New Parts, Tighter Tolerances

New Parts, Tighter Tolerances:  You Can Gage Them, But…
George Schuetz, Mahr Federal Inc.

If you are planning on manufacturing to tolerances of .0001" or less, and have not done so before, your introduction to high order gaging may be an eye opener. Gaging at this level is a very different animal, especially when considering how to measure the new parts you will be producing.

When gaging parts with the usual tolerances (0.0005" or broader), the quality of the gage is usually the main consideration. However, when you become interested in tolerances of say 30 µinches, there is much more than the gage to consider. You must place just as much importance on creating a special environment in which it will operate.

But even before thinking about the gage or the environment, a decision must be made about what should be measured: the size of the part, or the relationship of the part to another part. The answer to this can make a big difference in the cost and difficulty of getting the desired results. At these tighter tolerances, it is much less difficult and often more effective to check part relationships—clearance for example—rather than part dimensions.

If the decision is to check size, new methods of production measurement will be needed. Using the old 10X rule of thumb, for a 30 µinch tolerance, the repeatability of the gage needs to be in the 3 µinch range; and to be sure both the gage and the master have such accuracy we would need a master that is accurate to 0.3 µinches. Since no one would guarantee a master or even a gage block to have this accuracy, the best you can do is use the best standard available, which is apt to be a set of carefully cleaned and properly wrung Lab Master or Grade 0.5 (AAA) gage blocks with a ±1 µinch tolerance.

Now you need to focus on the environment. We all know the influences, but unfortunately, they are too often underrated. Particular attention must be paid to temperature and cleanliness. Within limits, temperature itself is not as important as its consistency and the degree to which it is shared by the gage, the master, the part, and the surrounding atmosphere. For example, if you are checking the diameter of a 0.5 inch bore, a temperature difference of only one degree between the part and the master is likely to introduce an error of about 3 µinches. In addition, if the room temperature shifts a few degrees, or the operator's body heat is allowed to reach the gage, it is easy to accumulate a few more millionths of error.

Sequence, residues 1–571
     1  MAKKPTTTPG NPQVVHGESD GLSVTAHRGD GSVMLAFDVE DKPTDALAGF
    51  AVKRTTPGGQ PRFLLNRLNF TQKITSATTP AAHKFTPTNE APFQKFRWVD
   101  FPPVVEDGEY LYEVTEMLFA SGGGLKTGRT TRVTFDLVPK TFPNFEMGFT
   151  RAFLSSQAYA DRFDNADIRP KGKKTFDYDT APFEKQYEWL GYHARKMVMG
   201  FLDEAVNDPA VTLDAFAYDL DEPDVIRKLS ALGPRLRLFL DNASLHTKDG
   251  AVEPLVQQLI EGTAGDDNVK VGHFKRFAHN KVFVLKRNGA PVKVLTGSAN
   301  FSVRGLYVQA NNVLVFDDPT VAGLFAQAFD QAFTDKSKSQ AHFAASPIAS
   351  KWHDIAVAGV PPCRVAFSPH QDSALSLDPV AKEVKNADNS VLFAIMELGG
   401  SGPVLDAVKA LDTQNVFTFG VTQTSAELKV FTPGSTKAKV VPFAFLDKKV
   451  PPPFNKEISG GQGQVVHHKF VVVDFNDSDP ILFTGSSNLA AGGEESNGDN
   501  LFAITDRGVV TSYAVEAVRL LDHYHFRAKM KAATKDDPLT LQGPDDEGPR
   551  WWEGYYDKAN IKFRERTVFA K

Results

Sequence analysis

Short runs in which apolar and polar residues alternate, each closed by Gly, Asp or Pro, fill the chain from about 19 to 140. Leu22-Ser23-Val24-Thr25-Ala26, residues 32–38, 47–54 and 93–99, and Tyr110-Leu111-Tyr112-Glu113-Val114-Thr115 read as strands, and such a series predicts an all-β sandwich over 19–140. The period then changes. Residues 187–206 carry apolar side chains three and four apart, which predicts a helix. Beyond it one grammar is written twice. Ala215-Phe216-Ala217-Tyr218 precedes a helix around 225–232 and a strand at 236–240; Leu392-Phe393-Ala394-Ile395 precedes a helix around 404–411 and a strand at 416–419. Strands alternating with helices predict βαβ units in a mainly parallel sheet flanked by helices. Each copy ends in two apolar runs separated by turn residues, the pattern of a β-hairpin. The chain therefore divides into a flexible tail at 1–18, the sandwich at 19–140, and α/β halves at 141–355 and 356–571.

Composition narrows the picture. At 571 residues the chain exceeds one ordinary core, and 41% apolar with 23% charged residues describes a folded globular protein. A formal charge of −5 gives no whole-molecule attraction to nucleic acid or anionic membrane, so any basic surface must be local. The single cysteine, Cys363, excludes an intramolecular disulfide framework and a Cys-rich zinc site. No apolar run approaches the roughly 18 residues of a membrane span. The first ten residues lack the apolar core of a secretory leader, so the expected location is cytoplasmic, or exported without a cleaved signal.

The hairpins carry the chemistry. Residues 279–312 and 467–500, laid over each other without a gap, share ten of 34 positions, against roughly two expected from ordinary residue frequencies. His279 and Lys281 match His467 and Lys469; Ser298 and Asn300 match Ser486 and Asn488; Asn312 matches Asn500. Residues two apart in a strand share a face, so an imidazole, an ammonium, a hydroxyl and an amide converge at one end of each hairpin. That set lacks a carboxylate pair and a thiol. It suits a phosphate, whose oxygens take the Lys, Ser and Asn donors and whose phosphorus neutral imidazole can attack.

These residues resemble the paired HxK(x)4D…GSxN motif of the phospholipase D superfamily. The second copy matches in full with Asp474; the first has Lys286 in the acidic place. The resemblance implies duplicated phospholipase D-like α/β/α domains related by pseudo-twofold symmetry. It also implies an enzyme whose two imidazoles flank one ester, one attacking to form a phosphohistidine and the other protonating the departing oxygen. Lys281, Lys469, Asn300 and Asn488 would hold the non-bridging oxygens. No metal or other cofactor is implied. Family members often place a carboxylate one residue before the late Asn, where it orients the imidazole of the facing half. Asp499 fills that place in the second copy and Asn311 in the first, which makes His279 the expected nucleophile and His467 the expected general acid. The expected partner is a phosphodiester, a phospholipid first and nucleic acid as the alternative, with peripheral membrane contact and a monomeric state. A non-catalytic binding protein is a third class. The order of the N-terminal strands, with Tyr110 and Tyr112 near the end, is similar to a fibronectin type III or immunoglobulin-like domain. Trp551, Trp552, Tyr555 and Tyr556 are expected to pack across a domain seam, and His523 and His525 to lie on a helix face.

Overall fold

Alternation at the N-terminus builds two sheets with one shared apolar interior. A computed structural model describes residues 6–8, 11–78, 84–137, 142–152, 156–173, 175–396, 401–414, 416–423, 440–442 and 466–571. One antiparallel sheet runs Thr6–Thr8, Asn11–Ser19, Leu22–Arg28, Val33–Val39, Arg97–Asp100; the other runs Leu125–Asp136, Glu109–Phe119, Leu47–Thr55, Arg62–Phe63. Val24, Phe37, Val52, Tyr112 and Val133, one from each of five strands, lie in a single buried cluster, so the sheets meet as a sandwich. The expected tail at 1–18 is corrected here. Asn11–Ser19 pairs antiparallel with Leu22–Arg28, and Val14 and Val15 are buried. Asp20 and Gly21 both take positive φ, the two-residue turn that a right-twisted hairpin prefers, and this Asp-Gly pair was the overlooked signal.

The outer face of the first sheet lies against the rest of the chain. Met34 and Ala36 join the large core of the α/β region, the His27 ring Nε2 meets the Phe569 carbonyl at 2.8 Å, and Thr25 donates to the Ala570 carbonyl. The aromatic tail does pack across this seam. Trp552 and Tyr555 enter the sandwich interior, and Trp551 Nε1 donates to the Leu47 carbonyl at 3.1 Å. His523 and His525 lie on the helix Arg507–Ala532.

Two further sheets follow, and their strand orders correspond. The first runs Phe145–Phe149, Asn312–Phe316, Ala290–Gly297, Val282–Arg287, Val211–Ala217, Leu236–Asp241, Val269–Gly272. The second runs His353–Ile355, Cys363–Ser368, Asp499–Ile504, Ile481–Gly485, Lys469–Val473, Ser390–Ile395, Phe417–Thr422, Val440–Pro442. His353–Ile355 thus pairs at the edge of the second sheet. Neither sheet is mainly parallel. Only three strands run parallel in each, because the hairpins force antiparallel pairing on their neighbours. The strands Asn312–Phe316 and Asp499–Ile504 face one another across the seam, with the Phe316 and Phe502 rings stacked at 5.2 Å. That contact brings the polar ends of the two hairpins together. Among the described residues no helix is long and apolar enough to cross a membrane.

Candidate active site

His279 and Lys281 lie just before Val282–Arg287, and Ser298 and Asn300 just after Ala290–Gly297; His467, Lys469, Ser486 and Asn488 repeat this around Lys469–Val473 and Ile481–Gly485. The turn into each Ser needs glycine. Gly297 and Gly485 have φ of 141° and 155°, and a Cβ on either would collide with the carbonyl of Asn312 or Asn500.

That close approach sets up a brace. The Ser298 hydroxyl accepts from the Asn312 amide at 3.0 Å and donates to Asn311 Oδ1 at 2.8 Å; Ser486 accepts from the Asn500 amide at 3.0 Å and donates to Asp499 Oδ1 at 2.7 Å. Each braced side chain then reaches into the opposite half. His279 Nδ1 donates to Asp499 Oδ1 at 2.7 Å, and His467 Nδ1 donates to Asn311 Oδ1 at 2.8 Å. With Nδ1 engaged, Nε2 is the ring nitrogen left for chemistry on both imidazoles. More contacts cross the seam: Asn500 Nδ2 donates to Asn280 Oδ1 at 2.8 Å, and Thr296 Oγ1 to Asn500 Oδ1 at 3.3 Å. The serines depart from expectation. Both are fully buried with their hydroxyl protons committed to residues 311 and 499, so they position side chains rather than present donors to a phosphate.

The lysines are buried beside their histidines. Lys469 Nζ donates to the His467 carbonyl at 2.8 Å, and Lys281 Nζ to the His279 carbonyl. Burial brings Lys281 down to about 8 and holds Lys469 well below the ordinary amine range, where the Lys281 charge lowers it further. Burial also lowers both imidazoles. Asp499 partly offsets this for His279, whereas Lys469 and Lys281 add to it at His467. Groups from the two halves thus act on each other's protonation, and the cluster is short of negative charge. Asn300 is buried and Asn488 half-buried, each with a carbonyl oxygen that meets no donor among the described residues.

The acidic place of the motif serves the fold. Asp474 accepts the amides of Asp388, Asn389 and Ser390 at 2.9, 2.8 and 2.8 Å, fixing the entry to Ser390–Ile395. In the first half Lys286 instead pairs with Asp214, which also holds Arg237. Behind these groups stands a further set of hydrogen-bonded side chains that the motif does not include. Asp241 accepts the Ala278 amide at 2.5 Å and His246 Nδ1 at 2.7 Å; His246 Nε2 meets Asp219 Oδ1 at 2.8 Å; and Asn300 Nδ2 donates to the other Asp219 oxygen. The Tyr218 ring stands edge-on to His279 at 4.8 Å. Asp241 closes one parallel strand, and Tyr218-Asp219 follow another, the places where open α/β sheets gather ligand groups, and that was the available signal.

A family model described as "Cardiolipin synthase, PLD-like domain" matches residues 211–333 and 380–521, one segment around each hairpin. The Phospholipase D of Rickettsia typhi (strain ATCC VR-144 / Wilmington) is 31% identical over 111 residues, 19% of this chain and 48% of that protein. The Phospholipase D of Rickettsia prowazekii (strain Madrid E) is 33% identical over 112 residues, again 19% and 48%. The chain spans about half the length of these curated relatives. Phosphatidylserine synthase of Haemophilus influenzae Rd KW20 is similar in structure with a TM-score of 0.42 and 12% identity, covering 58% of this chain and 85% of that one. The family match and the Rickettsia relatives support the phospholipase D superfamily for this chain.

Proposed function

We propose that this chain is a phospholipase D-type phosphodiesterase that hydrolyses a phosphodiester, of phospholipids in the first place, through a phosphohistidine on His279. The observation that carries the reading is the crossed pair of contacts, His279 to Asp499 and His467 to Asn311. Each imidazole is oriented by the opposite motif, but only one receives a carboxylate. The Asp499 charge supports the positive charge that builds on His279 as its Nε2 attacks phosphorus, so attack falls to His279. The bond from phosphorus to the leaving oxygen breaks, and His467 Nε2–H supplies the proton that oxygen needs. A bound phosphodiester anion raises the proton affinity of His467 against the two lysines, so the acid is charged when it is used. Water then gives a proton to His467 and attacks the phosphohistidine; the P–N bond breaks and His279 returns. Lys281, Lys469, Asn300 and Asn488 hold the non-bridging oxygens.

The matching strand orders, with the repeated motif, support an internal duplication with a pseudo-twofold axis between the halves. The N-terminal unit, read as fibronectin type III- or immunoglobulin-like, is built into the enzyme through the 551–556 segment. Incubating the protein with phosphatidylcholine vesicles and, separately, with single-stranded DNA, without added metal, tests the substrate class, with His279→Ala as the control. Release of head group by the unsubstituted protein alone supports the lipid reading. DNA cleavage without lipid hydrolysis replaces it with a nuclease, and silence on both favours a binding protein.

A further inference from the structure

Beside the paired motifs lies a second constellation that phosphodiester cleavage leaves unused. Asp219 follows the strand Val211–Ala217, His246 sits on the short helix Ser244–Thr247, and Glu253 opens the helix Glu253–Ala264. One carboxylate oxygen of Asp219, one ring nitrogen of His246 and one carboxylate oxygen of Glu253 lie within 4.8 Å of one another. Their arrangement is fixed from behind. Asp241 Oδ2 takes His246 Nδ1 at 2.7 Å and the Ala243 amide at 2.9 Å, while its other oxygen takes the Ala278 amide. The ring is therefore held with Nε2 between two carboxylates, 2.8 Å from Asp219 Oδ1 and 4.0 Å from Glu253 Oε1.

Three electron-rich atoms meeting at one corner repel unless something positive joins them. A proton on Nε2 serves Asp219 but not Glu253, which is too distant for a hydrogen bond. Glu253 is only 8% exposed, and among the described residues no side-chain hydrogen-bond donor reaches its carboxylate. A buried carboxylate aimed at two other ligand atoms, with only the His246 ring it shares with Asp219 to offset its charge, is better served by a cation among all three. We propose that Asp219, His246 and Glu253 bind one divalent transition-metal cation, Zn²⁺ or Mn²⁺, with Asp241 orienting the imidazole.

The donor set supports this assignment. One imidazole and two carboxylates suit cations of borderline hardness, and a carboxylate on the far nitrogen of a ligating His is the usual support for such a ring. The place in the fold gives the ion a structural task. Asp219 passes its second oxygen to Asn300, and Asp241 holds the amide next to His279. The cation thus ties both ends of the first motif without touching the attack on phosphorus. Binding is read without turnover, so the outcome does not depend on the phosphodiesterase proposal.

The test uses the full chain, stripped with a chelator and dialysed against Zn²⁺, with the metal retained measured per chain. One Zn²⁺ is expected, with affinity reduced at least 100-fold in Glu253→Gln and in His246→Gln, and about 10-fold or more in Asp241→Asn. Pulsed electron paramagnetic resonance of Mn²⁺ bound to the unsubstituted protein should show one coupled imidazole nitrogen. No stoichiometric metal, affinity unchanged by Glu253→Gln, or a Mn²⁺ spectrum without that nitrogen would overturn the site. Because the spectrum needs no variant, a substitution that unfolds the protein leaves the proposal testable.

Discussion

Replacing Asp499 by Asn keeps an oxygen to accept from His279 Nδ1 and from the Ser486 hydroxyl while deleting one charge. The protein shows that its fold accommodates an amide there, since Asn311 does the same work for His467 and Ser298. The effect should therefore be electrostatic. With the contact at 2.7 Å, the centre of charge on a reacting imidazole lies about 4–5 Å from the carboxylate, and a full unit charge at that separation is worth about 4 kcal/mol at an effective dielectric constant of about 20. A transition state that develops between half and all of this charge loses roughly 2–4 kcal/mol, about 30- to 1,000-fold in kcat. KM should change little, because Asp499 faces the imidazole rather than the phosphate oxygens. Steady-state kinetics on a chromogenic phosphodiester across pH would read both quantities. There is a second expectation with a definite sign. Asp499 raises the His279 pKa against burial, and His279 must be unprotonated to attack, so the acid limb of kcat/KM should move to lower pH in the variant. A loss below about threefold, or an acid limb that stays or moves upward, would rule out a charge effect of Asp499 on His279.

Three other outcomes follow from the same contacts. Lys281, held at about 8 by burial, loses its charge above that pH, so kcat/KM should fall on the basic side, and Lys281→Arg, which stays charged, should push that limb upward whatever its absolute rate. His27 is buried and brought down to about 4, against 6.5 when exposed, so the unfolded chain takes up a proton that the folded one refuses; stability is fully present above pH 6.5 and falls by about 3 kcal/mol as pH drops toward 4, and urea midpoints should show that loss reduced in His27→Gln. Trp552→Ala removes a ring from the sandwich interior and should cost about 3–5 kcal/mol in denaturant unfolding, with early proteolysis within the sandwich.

Here are a few tips that can help control the needed environment.

Parts, master and even the gage should be part of one large heat sink, if possible, so they can all be brought to the same temperature and held there. The larger the mass of the gage and heat sink, the less likely it will change during sudden air temperature changes. Even with the heat sink in place, it may take hours for the parts to normalize. Gaging must take place in a constant temperature room and the parts must be measured without touching them: the use of insulated gloves or tweezers is a must. 

Assuming these recommendations are followed, it will still be necessary to check the gage frequently and compensate accordingly. No one can predict how the opening of a door and the resulting draft that occurs will affect the measurement. It may even be necessary to try to isolate the operator from the gaging process by placing a thermal shield between the operator and the gage—all in an effort to save microinch errors.

The problem of dirt can be just as troublesome. Dirt particles or film, which is virtually invisible, can easily cause serious repetition errors. It will likely be necessary to chemically clean the entire gaging area periodically (there is no way to predict how often—only experience will tell). Part cleaning will vary somewhat depending on shape, material and size, but methods and cleaning fluids will have to be studied since residue can't be ignored at these tolerances. And don't forget that residue may also build up on gage contacts after repeated measurements.

Taking these steps into account—with thorough planning, careful personnel selection and training, along with significant investment in proper equipment—will help achieve measuring to these tight tolerances. Anything less, i.e., cutting corners, can ruin the economics of the job and cost more in the long run.

This ID/OD gage has all the elements necessary for millionth measurements—when used in a temperature controlled room—including a large granite base, set up with gage blocks, and millionth readout.